Between the two of us we had at least a dozen hideouts scattered across the globe, but that's all they were, small hidey-holes that had stashes of cash and weapons. We only counted one place as home and that was Ellensburg. Clint had known the place because of the world famous rodeo that occurred there once a year. He remembered the town and said that for some reason in his three day stay back in his circus days he had felt a bit of peace that had been foreign to him until that point. After we had finally gotten married, with only Coulson and Hill as witnesses, we discussed creating a safe house, an actual home. Clint told me about Ellensburg and we visited on some time off. We bought a house on that visit. I saw the charm that Clint had described. Ellensburg was a small college town that had thriving local businesses, quaint tree-lined neighborhoods, and was surrounded by beautiful hills and mountains on all sides. It was our escape from the real world. We didn't get out there often, maybe a couple times a year, but it always served as a place where we could shed all of the baggage that came from being spies. We slipped out of our various layers and were just Clint and Natasha.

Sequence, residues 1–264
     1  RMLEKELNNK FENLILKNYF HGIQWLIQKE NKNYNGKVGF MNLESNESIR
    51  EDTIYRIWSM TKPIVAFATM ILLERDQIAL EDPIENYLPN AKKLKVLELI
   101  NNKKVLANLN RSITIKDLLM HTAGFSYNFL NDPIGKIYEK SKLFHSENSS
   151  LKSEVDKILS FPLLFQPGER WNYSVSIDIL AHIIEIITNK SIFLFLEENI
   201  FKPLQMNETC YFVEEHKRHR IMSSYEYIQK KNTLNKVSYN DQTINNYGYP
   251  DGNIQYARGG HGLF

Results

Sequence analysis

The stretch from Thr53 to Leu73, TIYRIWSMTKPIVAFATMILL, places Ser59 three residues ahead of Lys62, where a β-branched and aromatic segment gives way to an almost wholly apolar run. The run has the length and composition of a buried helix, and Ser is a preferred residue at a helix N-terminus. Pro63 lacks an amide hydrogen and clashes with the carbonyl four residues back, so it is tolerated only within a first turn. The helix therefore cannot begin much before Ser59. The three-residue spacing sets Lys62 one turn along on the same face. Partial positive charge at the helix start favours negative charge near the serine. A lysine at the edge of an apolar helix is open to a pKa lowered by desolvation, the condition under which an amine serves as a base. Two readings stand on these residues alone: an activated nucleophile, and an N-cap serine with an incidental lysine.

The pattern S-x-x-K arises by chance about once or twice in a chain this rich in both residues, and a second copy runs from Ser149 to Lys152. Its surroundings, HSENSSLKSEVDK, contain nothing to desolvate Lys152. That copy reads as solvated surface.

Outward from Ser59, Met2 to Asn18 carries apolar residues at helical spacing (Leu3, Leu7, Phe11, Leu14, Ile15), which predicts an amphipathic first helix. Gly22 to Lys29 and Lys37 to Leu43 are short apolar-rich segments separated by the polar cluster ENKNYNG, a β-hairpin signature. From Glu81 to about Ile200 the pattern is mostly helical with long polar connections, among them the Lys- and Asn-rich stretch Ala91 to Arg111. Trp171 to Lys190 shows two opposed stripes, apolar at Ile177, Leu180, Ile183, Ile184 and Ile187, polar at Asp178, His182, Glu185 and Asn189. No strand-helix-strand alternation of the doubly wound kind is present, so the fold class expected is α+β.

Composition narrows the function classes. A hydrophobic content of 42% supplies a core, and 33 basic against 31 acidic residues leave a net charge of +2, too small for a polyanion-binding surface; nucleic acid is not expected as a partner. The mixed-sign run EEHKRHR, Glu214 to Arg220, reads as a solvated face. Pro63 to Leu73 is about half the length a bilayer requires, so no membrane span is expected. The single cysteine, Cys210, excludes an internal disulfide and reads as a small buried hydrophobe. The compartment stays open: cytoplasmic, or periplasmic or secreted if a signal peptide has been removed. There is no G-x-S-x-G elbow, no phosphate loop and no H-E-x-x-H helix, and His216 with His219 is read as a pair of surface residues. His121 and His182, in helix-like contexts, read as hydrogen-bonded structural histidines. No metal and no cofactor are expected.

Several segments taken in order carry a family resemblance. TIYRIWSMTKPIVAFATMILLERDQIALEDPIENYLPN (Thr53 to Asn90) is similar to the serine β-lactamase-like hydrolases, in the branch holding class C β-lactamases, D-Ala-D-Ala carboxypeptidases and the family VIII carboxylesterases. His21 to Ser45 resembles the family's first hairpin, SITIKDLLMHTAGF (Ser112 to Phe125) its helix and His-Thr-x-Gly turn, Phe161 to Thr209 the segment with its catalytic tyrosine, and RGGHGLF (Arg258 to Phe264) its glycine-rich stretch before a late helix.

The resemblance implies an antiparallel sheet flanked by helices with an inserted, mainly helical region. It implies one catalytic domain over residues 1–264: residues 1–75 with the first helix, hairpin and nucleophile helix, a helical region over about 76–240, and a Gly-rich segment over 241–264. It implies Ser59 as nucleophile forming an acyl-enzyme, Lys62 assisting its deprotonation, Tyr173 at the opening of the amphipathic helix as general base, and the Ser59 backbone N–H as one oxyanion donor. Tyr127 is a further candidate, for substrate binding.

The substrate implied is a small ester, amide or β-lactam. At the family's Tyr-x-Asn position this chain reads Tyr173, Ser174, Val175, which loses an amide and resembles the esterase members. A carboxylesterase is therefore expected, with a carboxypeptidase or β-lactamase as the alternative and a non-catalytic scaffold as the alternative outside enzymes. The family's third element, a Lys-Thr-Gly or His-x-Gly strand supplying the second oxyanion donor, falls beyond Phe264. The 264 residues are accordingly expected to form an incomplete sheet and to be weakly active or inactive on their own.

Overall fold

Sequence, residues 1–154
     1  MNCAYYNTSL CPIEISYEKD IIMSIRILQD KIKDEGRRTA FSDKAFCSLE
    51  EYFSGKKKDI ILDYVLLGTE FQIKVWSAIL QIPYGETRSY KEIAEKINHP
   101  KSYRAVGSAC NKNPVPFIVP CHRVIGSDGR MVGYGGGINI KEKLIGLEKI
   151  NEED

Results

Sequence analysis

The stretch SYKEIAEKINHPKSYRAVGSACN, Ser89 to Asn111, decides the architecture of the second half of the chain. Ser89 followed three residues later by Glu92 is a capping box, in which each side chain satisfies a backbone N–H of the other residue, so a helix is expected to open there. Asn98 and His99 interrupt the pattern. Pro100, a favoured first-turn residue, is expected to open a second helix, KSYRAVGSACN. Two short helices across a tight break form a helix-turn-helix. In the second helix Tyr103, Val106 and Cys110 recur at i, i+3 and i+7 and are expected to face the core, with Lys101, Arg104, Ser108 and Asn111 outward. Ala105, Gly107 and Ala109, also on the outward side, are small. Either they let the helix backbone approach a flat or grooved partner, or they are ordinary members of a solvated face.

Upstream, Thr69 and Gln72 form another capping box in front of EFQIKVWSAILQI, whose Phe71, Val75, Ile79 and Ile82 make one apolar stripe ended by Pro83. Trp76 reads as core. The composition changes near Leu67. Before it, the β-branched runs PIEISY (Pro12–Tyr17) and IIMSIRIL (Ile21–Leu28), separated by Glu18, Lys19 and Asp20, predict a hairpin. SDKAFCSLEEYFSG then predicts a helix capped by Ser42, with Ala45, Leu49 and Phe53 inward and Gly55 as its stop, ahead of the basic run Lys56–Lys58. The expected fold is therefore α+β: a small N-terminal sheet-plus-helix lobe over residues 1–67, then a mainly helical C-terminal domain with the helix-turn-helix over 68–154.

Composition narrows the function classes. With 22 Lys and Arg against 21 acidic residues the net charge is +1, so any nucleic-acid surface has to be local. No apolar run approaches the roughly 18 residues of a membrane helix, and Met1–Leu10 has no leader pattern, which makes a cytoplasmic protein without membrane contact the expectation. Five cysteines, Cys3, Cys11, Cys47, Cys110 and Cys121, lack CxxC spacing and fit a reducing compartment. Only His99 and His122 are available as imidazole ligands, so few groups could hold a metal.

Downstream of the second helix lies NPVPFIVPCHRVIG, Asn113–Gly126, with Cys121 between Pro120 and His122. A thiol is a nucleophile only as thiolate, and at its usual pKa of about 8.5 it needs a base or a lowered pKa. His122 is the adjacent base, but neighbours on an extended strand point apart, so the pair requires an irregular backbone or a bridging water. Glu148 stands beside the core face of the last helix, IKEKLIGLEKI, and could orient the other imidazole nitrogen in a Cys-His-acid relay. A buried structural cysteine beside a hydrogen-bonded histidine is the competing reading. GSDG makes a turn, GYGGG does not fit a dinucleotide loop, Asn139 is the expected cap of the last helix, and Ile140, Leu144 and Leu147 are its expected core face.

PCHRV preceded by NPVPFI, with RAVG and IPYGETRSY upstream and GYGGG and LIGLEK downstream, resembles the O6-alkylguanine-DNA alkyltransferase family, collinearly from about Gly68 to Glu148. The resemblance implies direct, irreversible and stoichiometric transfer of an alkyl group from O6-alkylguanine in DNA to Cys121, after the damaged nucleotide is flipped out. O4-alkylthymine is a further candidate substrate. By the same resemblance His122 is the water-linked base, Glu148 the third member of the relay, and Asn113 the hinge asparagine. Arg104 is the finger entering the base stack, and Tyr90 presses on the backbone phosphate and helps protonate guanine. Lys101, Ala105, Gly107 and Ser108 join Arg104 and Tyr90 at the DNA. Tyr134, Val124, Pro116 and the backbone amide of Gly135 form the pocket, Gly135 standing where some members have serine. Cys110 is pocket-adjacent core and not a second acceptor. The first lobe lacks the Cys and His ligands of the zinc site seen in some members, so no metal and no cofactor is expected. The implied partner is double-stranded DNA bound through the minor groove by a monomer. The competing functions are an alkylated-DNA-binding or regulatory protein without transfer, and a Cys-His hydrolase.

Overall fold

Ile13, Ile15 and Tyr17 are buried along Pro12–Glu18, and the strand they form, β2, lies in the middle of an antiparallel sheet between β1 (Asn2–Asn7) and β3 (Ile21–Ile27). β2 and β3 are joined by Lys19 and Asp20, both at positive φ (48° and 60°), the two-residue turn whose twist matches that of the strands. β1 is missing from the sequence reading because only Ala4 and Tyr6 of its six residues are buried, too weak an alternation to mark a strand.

I eased off the accelerator as we exited I-90, following the road as it led into the town. Farm supply stores and used car lots transitioned into restaurants and small businesses. I felt the familiar itch as I forced the car to the 20 mph speed limit on University Way as it passed through Central Washington University's campus. Normally I did not let small things like speed limits impede me, but Ellensburg had a ridiculous amount of police officers and their main job was cracking down on underage drinking and enforcing the speed limits of the town. Considering that Clint and I tried to keep a low profile in the town, we made it a point to abide by the laws.